Most traffic system simulation applications today are based on the simulation of vehicle-vehicle interactions and are microscopic in nature. Traffic flow analysis is one of the few areas, where macroscopic (or continuous flow) simulation has also been in use. Most of the well known macroscopic applications in this area originate from the late 1960's or the early 1970's. The British TRANSYT-program (Byrne et al. 1982) is an example of macroscopic simulation of urban arterial signal control coordination and the American FREQ- and FREFLO-programs (Byrne et al. 1982; Payne 1971) plus the corresponding German analysis tool (Cremer 1979) are related to motorway applications. A mesoscopic approach with groups of vehicles is used in CONTRAM (Leonard et al. 1978), a tool for analysis of street networks with signalized and non-signalized intersections.
        Traffic safety related questions have been quite a hard problem for simulation. In traditional simulation programs the drivers are programmed to avoid collisions. Thus, they do not exist. Some trials for analysis of conflict situations through simulation can be found (Karhu 1975; Sayed 1997), but a general approach to the problem and widely used safety simulation tools are still missing. Traffic safety simulation belongs to the field of human centred simulation where the perception-reaction system of drivers with all its weak points has to be described. This kind of approach is sometimes called nanosimulation in order to separate it from the traditional microscopic simulation.
        On the other hand, safety aspects and human reactions in different traffic situations have for long been analyzed using driving simulation systems, where the test subjects are exposed to artificial driving tasks in a simulated vehicle and traffic environment and the driver has to react to the given traffic (Moisio 1973). Here the developments in virtual reality technology will increase the possibilities for realistic simulations (Laakko 1998; SNRA et al. 1998).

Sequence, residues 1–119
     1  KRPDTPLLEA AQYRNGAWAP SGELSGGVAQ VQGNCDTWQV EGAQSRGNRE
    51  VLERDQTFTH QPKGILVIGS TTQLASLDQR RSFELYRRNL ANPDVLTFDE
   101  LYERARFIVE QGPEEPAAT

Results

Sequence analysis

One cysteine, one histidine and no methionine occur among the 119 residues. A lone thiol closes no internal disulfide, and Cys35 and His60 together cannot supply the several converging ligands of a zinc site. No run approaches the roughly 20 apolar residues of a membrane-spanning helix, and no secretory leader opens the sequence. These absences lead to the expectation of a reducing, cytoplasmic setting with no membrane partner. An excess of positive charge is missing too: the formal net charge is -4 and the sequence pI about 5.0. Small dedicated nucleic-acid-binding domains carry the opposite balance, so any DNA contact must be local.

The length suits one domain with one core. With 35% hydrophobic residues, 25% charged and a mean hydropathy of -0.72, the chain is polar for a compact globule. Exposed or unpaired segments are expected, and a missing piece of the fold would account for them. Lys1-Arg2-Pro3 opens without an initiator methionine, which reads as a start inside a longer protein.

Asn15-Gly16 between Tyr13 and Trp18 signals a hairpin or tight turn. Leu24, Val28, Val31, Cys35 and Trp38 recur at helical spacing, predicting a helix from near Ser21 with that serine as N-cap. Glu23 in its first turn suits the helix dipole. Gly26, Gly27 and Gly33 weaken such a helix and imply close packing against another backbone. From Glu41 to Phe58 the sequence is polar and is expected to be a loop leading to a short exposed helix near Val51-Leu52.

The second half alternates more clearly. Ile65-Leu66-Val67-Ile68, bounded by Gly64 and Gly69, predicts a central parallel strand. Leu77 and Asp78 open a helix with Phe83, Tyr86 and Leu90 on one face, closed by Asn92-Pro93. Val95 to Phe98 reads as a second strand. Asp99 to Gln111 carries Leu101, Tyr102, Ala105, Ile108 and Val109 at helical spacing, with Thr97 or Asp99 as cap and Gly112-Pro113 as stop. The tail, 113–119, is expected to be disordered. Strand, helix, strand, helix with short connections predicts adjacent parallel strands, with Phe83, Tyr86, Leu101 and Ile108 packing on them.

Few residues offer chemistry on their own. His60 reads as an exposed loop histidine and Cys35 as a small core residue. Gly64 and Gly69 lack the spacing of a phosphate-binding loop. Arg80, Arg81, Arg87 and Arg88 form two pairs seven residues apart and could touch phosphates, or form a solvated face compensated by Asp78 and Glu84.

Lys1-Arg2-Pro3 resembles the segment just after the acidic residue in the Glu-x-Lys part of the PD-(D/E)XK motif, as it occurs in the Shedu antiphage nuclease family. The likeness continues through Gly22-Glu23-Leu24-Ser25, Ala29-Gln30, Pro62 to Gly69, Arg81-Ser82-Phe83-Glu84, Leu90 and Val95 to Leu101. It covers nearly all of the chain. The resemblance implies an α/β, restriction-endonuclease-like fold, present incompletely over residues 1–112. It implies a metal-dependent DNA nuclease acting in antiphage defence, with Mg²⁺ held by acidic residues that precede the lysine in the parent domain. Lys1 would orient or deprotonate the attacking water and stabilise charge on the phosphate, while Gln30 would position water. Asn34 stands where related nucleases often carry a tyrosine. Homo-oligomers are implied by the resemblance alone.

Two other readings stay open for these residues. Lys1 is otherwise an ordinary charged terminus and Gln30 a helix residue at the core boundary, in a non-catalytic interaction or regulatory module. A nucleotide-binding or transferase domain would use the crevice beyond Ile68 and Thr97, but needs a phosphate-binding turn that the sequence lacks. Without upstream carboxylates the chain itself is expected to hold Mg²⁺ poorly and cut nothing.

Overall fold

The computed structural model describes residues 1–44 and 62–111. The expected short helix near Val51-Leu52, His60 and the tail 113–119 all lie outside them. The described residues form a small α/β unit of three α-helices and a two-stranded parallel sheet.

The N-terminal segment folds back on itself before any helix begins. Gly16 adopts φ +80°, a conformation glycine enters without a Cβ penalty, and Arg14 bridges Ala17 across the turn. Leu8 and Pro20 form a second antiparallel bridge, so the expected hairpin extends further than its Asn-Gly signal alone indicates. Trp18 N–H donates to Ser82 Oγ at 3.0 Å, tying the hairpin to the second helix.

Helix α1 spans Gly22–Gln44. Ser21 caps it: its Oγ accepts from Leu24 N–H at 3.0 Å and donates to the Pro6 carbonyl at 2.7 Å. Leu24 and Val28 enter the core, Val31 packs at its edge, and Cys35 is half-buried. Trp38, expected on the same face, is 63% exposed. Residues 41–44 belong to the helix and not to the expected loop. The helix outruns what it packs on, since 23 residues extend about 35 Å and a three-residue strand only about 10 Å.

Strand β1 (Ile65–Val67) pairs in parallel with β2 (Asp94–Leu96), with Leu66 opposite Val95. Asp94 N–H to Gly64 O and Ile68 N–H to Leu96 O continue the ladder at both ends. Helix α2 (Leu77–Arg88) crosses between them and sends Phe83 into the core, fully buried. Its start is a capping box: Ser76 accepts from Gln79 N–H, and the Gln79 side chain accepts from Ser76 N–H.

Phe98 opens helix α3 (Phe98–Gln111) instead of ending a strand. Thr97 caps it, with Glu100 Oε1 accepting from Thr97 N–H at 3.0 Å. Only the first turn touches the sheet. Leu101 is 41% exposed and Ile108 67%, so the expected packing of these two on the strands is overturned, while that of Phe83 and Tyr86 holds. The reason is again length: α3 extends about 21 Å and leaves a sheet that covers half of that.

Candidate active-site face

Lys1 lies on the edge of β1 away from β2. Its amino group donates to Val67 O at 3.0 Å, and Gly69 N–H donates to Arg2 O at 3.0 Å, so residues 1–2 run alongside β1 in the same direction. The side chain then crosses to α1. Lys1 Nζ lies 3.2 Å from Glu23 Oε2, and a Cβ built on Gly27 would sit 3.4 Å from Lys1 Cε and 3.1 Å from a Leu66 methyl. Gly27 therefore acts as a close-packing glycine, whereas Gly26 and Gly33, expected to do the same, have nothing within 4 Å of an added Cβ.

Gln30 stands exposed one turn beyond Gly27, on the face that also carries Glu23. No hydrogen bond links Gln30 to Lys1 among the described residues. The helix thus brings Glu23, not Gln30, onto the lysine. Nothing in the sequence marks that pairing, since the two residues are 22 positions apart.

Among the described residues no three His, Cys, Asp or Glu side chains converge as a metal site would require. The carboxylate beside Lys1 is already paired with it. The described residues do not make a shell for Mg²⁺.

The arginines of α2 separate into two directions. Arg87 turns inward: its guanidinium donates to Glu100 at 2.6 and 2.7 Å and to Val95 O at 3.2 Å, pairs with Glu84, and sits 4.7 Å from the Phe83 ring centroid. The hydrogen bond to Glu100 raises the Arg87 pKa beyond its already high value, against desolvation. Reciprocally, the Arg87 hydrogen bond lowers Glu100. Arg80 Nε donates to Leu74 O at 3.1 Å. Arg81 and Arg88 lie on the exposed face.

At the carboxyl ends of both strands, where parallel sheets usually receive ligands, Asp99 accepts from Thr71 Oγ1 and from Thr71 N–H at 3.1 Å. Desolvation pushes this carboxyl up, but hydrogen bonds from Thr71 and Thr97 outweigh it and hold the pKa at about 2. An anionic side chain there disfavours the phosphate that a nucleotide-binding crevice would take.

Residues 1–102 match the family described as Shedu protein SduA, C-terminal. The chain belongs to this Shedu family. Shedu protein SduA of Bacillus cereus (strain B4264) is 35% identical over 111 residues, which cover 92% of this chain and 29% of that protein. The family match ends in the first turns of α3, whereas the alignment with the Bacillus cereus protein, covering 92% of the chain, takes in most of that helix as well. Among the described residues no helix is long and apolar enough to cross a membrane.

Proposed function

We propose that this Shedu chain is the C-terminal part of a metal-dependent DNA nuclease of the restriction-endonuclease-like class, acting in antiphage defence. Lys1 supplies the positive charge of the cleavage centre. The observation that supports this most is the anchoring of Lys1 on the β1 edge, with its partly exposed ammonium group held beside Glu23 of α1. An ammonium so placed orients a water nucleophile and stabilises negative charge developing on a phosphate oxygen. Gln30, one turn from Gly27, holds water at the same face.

A new application area is the simulation of the use and effects of telematic services in traffic. This is on the other hand related to the simulation of traffic flow, and on the other hand to the simulation of human behaviour and decision-making (Algers et al. 1997). Even the effects of totally human-free driving are tested in this area.
        In recent years another new area of traffic simulation has emerged, namely simulation of travel demand. This is an area, where the analytical tradition has gone from aggregate gravity modelling to individual based disaggregate choice models. In demand simulation the question is to reproduce the trip pattern (the number, time of day, purpose, origin-destination pattern, modal split and use of routes) of the citizen population within an area by summing up the behaviour of the individuals. Examples of this approach are the American SAMS and SMART, both still under development (Spear 1996). One of the most advanced modelling approaches, the American TRANSIMS, combines demand modelling and flow behaviour on the streets and roads thus trying to describe the whole traffic system behaviour in one simulation environment (Smith et al. 1995).

4. Trends in traffic simulation
The development in traffic simulation from the early days in the 1950's and 1960's has been tremendous. This, of course, is partly related to the development of computer technology and programming tools. On the other hand, the research in traffic and transportation engineering has also advanced during this 40-year period. Simulation is now an everyday tool for practitioners and researchers in all fields of the profession.
        In the following, some of the development trends in sight are shortly discussed. Most of these trends are related to microscopic simulation. It is, however, noteworthy that there are some quite interesting new developments in the theoretical macroscopic models for fundamental traffic flow analysis, which give new insight to the fundamental speed-flow-density relationships (Helbing et al. 1997).
        The applications are growing in size, that is, we are moving from the quite well covered local or one facility type applications to network wide systems where several types of facilities are integrated in one system. Another trend that increases the need of computing power is the more and more precise description of the physical road and street environment, especially in local applications, like in simulation of intersections. In both these cases the use of graphic user interfaces and integration to GIS and CAD systems (Etches et al. 1998) are a feasible approach.